Drug abuse can have a major impact on your life and the lives of those around you. If you’re using methamphetamines, you need to know that this drug can have a major impact on your life in a very short amount of time.
What Is Meth?
Meth is a synthetic drug that is more powerful than the sometimes-used amphetamine, which is a stimulant. As a prescription drug, methamphetamine can be used to treat narcolepsy and to help maintain a person’s blood pressure, if it tends to drop. As a stimulant, meth affects the central nervous system. It is highly addictive.
What Kinds of Side Effects Are Caused By Meth?
When meth is initially taken, it may be snorted, inhaled, smoked, or injected. Sometimes, it can be taken orally.
The first side effects of meth are sensations of happiness or well-being. It may make a person hyperactive or give them energy. That’s why it’s so good for narcolepsy or increasing blood pressure; however, the drug is much more dangerous when taken illicitly. The side effects of meth last for up to 24 hours, although it’s most common for them to last between six and eight hours.
Some short-term side effects of methamphetamine usage include:
- Decreased fatigue
- Increased talkativeness
- Increased respiration
- Irregular heartbeat
- Decreased appetite
- Increased activity
How Do Drugs Change the Brain?
Before we talk about the specifics of meth on the brain, it is important that we talk about how addiction is formed, and how it changes the brain. Addiction is a disease that begins as a change in the brain. When you continually intake drugs, meth in particular, something is happening inside your brain. Evolution conditioned us as human beings to chase feelings that we associate with pleasure. Delicious fruits were scarce when we were evolving, so when we found one, the sugars would naturally cause us to want more. As a result, we naturally chase things that bring us pleasure. When your brain receives meth, it desires more. But, that is not all that happens.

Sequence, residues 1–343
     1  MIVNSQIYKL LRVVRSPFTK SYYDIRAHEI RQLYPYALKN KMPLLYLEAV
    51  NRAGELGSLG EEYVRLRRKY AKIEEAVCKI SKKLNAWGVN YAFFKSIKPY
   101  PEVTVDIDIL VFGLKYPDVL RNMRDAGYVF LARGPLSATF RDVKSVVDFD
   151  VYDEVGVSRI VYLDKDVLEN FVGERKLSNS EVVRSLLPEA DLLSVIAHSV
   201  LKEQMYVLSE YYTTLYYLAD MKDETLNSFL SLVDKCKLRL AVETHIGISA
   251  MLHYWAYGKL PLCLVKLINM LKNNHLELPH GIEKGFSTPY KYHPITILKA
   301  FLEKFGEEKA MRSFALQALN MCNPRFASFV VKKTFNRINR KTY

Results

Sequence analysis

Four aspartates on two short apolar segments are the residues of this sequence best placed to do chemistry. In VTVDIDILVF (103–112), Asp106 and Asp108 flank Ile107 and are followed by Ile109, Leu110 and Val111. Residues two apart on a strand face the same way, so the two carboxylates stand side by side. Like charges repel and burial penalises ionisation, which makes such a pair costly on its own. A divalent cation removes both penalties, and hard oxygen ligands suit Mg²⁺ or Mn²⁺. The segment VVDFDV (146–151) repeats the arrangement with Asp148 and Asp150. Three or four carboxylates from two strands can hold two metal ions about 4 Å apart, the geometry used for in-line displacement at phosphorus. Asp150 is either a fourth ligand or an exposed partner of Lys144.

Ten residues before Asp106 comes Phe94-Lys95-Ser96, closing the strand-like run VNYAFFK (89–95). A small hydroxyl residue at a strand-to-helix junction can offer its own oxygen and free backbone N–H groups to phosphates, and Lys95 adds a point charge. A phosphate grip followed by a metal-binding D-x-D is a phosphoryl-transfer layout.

Over time, the motivation, memory, and reward centers in the brain change in response to using meth so that they become dependent on it. This is what it means to be “dependent.” This is why we call addiction a disease. It is because your brain is changed so that the addict will no longer be able to feel normal unless they have the substance. It is almost like brain control. The very first effect meth has on your brain is the way that it makes it dependent in order to function at all. Before long, there are many more devastating effects that meth has on the brain.
Does Meth Lead to Brain Damage?
Methamphetamine can quickly affect your brain. While it initially causes feelings of pleasure or an elevated mood, it also begins to change the overall structure of your brain from the first time you take it.
The good side effects of the drug are attributed to the release of the neurotransmitter, dopamine, inside the body. This neurotransmitter is used to motivate individuals; it allows for the experience of pleasure and helps the body’s motor functions.
The problem with methamphetamine is that it releases a shocking amount of dopamine. In fact, it releases up to 12 times the amount of dopamine that sex or other pleasurable activities do. That high is hard to beat, which is why the body reacts so positively to it and craves the drug quickly after the first hit.
The elevated levels of dopamine in the body are not positive. They can be harmful to the nerve terminals in the brain, making it harder for your body to work correctly. The dopamine transporters in the drug user are typically damaged due to drug use, which means that even after stopping the drug, the body may not begin to produce dopamine correctly again. For some, that means that depression or sadness is more likely to take place, since the body can’t use dopamine effectively without the use of the drug.